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Item Number: 105918
Title: Lustrous images from the Enlightenment: The Medals of the DASSIERS of Geneva, Incorporating an Illustrated General Catalogue. Images Chatoyantes du siècle des lumières: les médailles des Dassier de Genève. Suivi d'un répertoire general illustré
Author: Eisler, William
Price: Not Available
ISBN: 9788857205076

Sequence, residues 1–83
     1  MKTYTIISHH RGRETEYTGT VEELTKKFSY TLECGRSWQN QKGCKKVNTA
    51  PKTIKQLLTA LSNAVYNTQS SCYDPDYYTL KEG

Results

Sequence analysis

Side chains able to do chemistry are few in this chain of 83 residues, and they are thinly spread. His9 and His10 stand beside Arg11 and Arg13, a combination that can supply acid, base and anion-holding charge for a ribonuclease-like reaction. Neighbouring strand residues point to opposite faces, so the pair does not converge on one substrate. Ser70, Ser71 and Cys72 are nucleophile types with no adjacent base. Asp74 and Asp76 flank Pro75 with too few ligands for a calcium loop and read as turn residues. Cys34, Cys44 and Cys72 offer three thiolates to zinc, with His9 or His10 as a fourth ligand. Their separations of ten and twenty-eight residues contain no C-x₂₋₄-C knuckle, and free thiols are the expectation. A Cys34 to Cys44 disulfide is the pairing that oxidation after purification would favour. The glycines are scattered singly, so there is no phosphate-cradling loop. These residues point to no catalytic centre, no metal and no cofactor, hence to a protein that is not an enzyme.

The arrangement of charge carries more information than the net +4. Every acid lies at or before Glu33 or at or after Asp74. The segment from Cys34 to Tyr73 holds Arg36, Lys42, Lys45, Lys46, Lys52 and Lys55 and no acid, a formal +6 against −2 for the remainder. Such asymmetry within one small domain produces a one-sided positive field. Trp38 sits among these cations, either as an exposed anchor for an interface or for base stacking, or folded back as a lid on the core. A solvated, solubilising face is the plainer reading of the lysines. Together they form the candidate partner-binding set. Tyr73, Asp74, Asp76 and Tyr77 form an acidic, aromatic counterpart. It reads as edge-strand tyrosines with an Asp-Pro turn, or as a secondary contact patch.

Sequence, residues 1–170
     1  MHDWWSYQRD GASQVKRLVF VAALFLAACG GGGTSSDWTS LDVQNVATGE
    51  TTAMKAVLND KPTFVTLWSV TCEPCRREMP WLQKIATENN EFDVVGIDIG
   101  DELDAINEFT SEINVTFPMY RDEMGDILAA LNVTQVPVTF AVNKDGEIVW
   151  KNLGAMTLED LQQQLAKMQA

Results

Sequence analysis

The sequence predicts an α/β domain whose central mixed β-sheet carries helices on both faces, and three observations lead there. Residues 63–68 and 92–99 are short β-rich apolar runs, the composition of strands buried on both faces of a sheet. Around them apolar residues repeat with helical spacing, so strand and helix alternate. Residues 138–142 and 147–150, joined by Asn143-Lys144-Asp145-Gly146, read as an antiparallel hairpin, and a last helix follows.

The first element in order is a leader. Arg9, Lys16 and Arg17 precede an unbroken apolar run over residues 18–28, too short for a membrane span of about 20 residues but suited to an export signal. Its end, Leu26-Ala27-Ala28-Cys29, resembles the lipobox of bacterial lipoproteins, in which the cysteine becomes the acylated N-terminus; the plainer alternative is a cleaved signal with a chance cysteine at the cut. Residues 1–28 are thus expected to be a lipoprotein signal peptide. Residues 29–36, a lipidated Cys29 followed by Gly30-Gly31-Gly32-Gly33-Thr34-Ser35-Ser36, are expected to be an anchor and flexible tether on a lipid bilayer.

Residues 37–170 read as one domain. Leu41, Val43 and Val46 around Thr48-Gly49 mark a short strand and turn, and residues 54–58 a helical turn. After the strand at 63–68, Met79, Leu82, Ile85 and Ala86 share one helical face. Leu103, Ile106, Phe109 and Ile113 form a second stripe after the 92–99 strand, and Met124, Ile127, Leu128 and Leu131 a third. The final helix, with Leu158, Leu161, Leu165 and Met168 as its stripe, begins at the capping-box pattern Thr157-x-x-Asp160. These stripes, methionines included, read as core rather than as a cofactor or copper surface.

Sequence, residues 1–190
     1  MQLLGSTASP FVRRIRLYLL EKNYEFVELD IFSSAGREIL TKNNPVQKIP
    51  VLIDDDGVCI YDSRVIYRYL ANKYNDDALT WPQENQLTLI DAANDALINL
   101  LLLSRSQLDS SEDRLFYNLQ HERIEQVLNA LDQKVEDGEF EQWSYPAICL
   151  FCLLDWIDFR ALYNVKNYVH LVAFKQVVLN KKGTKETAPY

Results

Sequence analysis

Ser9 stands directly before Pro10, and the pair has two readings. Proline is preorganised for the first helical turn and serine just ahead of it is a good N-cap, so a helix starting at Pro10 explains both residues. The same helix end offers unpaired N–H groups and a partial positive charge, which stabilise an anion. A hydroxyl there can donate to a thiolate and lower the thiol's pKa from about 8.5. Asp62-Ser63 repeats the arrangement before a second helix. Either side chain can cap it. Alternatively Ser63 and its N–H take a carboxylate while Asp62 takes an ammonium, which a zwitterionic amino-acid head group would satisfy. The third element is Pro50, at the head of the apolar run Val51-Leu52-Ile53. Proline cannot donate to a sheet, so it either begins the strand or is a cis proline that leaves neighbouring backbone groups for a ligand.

Description: Milan: Skira, 2010. 28cm., hardcover, 222pp., 60 color, 720 b&w illus. English-French text. Summary: The Dassiers (Jean Dassier,1676-1763 and his two sons, Jacques-Antoine, 1715-1759 and Antoine, 1718-1780) were the only medalists of their time to have had the honour of being mentioned in the Encyclopédie by Diderot and D’Alembert, in which one can read that they “have rendered their names famous through their same talent: their fine medals after nature and several other works emerging from their burin prove that they are worthy of being counted amongst the most celebrated engravers”. The book examines the works that established the reputation of the Dassiers, starting with an elegant silver watch case by Jean Dassier for the Fabrique de Genève (Paris, Louvre), three series of small medals or tokens: The Metamorphoses by Ovid (1717; 60 pieces) and Illustrious men of the century of Louis XIV (1723-1724; 73 pieces) and, finally, The Church reformers (1725; 24 pieces). This last series was dedicated to William Wake, Archbishop of Canterbury, who offered the Dassiers his support in obtaining royal authorization to strike two major series, The Kings of England (1731-1732) and Famous Britons (1731-1738). Borrowing from the fame of his father throughout Europe, Jacques-Antoine, a former pupil of the École de Rome, threw himself into the creation of a new series dedicated to worthies in England, including savants, writers and politicians. At the peak of his career, he had the privilege of producing a portrait of Montesquieu, a work that is a milestone in the history of art (1753). This European reputation ensured that he was invited as engraver to the court of Russia, where he produced his last masterpiece, The founding of the University of Moscow (1754), decorated with an extremely bold portrait of the Empress Elizabeth. The death of Jacques-Antoine in 1759 and of his father four years later marked the end of a glorious artistic and commercial enterprise after 60 years of activity. This publication offers a summary and updating of the catalogue raisonné, The Dassiers of Geneva: 18th-century European medalists (Lausanne and Geneva, 2002-2005), the scientific point of reference for the subject. The new bilingual publication aims to offer direct access for a wider public of enthusiasts, historians and researchers.

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